Zero-carbon technology has also been prioritised on the transport side of the PAC. Brazil hopes to build a £21.5bn high-speed rail project linking Rio and Sao Paulo (see feature, “Seek your fortune”, published 1 July), on which Halcrow is providing technical advice to the government. It is expected that the expertise of UK firms in developing rail projects will give them a head start. Indeed, a survey of the Brazilian construction market by Building found that 73% of clients thought the record of UK firms in this area was either “excellent” or “good”.

Another area of potential for international firms is the 2014 Fifa World Cup. “There are very specific areas in which Brazil is lacking expertise for these events and sustainability is one of them,” says Ligia Micas, spokesperson for the architects and engineers association Sinaenco, which is involved in monitoring the progress of the projects.

To date, five of the 12 stadium projects are in the running for LEED certification. However, some sources argue that a rushed timetable as a result of delays to starting construction work and a lack of planning mean that only two of them - those in Brasilia and Belo Horizonte - may achieve this accreditation.

“Our culture of construction is about wanting to start building right away, perhaps investing less in the earlier phases of planning. [But] if you only come to think about sustainability at a later stage you discover that it ends up costing more,” comments Fundacao Vanzolini’s Martins.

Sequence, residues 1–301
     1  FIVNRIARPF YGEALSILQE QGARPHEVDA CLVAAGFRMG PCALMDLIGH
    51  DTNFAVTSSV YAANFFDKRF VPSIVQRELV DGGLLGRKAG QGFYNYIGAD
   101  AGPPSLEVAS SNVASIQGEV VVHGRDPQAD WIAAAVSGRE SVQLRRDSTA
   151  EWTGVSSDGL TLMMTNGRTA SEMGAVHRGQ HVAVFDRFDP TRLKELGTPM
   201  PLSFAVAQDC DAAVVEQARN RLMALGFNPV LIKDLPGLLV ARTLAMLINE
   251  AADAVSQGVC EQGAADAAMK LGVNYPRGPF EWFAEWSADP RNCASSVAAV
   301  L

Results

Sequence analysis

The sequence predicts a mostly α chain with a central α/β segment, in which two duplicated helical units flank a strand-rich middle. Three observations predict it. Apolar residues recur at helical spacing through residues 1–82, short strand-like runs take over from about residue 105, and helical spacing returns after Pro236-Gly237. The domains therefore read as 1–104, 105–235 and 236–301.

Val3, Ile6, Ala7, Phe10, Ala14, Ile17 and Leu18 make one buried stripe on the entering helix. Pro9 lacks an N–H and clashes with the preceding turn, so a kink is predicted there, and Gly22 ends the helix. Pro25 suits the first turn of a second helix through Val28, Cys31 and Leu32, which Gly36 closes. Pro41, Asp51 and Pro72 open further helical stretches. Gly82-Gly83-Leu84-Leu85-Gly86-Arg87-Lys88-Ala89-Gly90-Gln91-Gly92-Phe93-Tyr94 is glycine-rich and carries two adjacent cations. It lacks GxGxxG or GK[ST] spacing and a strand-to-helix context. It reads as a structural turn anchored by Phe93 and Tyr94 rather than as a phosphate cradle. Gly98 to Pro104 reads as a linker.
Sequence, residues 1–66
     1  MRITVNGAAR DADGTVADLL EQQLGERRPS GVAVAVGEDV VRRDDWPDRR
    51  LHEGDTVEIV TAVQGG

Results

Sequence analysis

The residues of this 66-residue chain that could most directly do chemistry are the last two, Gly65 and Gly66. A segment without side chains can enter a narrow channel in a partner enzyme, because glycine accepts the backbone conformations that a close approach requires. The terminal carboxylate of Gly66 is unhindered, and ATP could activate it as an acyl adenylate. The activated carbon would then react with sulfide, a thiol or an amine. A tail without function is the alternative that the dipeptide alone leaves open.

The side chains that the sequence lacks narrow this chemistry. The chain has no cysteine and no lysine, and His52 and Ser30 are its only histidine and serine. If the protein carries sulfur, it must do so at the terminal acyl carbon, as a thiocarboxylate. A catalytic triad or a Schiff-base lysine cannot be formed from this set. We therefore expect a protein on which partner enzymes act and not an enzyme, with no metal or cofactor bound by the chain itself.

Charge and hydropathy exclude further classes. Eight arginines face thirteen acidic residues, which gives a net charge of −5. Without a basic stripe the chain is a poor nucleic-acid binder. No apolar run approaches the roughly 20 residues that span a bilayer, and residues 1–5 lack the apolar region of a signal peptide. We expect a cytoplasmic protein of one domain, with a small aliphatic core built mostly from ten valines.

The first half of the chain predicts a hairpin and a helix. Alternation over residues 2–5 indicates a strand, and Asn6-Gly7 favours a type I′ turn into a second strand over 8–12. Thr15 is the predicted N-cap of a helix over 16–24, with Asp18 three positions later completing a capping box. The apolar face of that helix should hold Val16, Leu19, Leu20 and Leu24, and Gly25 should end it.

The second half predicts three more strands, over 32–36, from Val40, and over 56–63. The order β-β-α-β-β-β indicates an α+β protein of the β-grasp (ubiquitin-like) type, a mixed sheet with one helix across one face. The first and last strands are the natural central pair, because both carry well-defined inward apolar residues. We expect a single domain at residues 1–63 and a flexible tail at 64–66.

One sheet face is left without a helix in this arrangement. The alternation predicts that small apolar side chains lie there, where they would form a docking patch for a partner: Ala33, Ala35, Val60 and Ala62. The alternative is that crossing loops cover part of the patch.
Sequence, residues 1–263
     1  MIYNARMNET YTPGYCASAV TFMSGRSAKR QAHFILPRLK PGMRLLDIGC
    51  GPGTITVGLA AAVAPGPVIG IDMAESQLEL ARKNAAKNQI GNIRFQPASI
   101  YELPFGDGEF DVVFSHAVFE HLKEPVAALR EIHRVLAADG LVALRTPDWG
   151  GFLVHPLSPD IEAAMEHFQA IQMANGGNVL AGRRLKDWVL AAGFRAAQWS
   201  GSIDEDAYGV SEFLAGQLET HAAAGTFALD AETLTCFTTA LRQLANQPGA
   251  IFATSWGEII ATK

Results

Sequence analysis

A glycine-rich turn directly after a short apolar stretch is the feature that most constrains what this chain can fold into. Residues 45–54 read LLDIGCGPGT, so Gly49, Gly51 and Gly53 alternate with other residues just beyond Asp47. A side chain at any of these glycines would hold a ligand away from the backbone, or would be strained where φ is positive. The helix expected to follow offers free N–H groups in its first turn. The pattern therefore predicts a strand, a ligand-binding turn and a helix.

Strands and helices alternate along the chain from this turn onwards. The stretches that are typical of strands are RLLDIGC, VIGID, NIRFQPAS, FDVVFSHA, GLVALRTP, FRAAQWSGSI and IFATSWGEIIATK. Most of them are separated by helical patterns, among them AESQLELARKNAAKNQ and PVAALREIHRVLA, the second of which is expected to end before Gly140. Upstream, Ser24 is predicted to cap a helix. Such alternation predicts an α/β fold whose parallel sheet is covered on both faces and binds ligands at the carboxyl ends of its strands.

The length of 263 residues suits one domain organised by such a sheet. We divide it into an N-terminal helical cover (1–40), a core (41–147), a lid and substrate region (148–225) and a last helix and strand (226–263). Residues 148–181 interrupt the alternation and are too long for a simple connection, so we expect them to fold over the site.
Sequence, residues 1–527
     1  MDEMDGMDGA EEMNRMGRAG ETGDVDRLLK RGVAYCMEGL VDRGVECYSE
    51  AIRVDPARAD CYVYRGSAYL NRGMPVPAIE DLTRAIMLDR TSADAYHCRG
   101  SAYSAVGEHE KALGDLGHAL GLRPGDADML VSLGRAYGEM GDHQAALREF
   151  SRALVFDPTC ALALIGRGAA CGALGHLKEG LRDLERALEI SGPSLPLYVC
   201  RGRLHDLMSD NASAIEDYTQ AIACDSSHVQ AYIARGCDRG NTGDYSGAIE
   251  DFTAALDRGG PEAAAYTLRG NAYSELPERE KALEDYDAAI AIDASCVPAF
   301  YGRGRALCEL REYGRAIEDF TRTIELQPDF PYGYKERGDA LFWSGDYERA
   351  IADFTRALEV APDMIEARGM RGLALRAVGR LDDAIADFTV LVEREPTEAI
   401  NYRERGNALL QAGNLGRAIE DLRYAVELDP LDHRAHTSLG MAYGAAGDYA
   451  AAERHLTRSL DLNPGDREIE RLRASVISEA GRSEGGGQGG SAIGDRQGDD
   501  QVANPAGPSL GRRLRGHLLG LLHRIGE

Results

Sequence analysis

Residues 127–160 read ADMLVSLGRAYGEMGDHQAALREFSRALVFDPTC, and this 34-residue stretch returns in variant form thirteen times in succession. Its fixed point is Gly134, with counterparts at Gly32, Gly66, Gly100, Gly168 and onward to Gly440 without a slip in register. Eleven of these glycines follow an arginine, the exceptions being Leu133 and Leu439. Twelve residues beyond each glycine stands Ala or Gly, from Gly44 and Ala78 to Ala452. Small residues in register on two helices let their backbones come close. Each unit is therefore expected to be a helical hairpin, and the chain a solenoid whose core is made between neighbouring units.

He thinks funders may increasingly make sustainability a precondition for financing new developments.

The demand for sustainable building solutions is growing. Brazil will need experts in this area - particularly project managers, those who are able to provide training, and suppliers of ecological products to help deliver these projects and to protect its immense natural beauty for future generations. And this is where UK contractors can come in.

Concrete makes a comeback in Brazil

The Brazilian cement industry is a global reference point in terms of reduction of carbon emissions. Studies carried out by the World Business Council for Sustainable Development’s Cement Sustainability Initiative indicate that CO2 emissions per tonne of cement are lower in Brazil than in China, India and the CIS.

This is due to the Brazilian cement industry’s increased use of low carbon fuels, the fact that it has co-processed waste matter and improved energy efficiency. For many years it has also used residue from other sectors, such as blast furnace slag, fly ash and limestone filler as additives in the cement as well.

This is very important in terms of sustainability given the salient role of cement in the Brazilian construction sector. The first Brazilian highway to be built with this material was back in 1925. While the use of cement suffered a long-term decline between the 1970s and 2000s, this has changed recently. The recent widening and extension to the BR-101 highway between the north-eastern cities of Feira de Santana in Bahia and Natal in Rio Grande do Norte was built out of concrete, which, given the heavy use by freight vehicles and the tough climatic conditions, was chosen because of its durability and ability to sustain heavy loads.

It’s also been a popular building material in the informal housing sector. While studies suggest that its use will reduce with the growth of the formal housing sector ABCP - a cement trade association - claims that industrialisation of the supply chain and better training means that this hasn’t been the case in Brazil. Around 92% of all units built under the Minha Casa Minha Vida housing programme use cement, the organisation says.

CONCRETE SHOW: Sao Paulo 31 August to 2 September

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How to crack Brazil

Building’s White Paper on the Brazilian market is now available to download, providing need-to-know data on clients and projects, and exclusive information on attitudes to UK firms. For more information or to order a copy, go to